The time has finally come for Markel Canada’s next president to step into his new role, after the global insurance company announced last March that Karen Barkley was retiring at the end of 2018 and David Crozier, a veteran of the insurance industry, would be taking over the Canadian outpost.
Crozier joined the company mid-year after serving as the president and CEO of Everest Insurance Company of Canada, and is now officially moving into the leadership position at the commercial carrier. He told Insurance Business how his experiences at Everest, as well as other insurance heavyweights, such as Economical and Chubb Canada, have exposed him to national markets and learning opportunities that have built on his skillset.
“I consider myself really lucky that I’ve had the good fortune to live and work in many places across Canada and many of the major markets,” said Crozier, highlighting Vancouver, Calgary, and Toronto as some of the cities he’s called home. “Most often those jobs had national scope, so I got to meet and work with and enjoy building relationships with brokers, teams, and vendors from coast to coast.”
A commercial underwriter by trade, Crozier also spent time in personal insurance during his career, which he points to as a formative experience that was invaluable. It helped him to understand what customers need and what drives them because personal insurance is just that – personal – and the service expectations are very different, explained Crozier, who has also worked for generalists, multi-line companies, and highly specialized insurers. Along with interacting with boards of directors and regulators, looking after subsidiaries inside and outside of Canada, and being involved in acquisitions and divestures, Crozier is armed with the tools he now needs to succeed in the next phase of his career.
“One of the things I hadn’t done was worked closely with a Lloyd’s syndicate, so Markel Canada offers me the opportunity to learn about everything that entails,” he said. “It’s an interesting year to be closer to Lloyd’s given everything that’s going on, and Markel Canada is one of only four syndicates operating as a service company in the Canadian market, so I’m getting to find out what it’s like to participate in a market I feel I know well, yet in a new way that is once again going to teach me new things.”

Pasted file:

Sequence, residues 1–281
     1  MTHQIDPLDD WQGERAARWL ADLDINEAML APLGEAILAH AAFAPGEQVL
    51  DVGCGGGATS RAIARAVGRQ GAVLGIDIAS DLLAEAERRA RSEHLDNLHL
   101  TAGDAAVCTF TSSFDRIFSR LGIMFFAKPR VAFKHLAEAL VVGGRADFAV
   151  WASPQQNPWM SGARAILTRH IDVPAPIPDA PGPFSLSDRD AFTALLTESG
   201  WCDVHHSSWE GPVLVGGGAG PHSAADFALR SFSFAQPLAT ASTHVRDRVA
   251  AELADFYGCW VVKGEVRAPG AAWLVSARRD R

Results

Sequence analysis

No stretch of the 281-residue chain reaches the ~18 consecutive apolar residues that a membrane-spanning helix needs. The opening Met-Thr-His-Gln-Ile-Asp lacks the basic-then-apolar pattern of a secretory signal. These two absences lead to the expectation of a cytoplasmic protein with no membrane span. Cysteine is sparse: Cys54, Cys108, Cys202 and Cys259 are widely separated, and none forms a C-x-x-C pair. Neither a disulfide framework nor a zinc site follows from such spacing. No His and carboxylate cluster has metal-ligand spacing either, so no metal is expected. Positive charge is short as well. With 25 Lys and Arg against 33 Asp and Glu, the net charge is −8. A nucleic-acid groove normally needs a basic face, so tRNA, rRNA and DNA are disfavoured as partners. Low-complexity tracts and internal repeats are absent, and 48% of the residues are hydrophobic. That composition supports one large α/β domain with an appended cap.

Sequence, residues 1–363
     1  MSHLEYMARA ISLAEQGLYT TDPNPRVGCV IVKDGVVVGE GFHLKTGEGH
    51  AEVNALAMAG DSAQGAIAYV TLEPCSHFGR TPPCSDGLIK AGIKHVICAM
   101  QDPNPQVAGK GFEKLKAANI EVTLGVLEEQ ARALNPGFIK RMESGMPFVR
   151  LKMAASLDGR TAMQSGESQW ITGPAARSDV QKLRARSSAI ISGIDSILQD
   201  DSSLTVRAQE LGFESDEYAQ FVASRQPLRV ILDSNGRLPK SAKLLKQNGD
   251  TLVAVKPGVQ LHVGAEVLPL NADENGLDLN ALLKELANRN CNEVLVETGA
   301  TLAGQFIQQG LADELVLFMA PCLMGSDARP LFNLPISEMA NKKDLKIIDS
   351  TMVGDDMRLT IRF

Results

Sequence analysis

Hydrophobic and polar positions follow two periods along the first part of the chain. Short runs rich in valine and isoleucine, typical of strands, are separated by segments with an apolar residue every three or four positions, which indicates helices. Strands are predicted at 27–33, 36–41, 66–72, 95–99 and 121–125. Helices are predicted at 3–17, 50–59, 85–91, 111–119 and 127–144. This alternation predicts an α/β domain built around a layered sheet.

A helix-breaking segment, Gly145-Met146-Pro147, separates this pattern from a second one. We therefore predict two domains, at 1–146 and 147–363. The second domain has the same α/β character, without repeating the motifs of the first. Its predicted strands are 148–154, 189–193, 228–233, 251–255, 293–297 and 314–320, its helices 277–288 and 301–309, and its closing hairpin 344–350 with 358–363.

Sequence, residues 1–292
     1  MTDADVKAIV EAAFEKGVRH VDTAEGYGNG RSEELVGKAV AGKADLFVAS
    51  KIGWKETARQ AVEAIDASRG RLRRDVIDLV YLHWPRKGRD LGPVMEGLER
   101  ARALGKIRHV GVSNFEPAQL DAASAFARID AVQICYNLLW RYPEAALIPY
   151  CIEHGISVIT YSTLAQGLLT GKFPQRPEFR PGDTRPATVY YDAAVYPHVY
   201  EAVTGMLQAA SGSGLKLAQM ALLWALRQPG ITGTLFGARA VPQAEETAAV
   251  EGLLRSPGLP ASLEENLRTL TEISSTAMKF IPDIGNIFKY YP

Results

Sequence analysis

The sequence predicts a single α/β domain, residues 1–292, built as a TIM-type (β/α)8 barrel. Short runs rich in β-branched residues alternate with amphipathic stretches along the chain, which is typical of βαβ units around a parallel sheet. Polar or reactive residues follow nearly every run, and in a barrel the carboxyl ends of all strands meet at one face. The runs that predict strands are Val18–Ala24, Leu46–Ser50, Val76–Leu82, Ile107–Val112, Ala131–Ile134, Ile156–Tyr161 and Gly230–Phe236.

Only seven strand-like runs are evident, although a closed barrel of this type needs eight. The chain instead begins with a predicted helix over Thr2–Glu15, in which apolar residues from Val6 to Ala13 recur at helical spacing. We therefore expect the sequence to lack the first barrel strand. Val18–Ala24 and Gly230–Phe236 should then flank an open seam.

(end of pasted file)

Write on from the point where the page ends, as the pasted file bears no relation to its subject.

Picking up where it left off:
At the top of Crozier’s to-do list for 2019 is articulating to broker partners and customers Markel Canada’s identity as a market, the company’s appetite, and the capabilities that its teams bring to the table - a necessary step when considering the company’s past. For many years, Markel was in Canada as a trucking insurer before selling the business to Fairfax. It then re-entered the Canadian market in 2009 with the purchase of Elliott Special Risks and bought the Markel name back from Fairfax in 2015. More recently, Markel fully acquired Allsport Insurance, based in Vancouver.
“Through all those changes and gyrations, we need to fully re-establish our identity, that we aren’t a trucking insurer, that we aren’t a hard-to-place market, that we aren’t a generalist,” explained Crozier. “We’re a highly focused company boasting a lot of underwriting and claims expertise for specialty lines, for casualty, for environmental, for professional risks. What I like to think – and this is a reinforcing the top of the to-do list – is that we’re the best things that Elliott Special Risks represented, we’re the best things that Allsport represented, and we’re the best things that Markel globally has to offer.”
The strategy to reinforce Markel Canada’s identity will be manifold and will include looking at bringing some of Markel’s specialty sectors into the Canadian market, as well as putting its experts in the spotlight and centre stage with brokers.
“We’re going to be looking for opportunities to offer thought leadership, be in publications, partake in seminars, and be on panels,” said Crozier. “The number one way we’re going to implement this strategy and the number one thing on top of the to-do list is personal contact. We’re an industry of relationships, and relationships are built one-on-one with brokers and customers by going out, seeing what they do, and seeing what their needs are. We’re already ramping up our contact with brokers around the country, and building stronger relationships with them.
“One of the challenges and opportunities we have is we don’t have to have a contract in order to deal with someone, so we can deal with a wide swathe of brokers. That just puts the onus on us to make sure that we’re getting our message out there and trying to make it as personal and individual as we can.”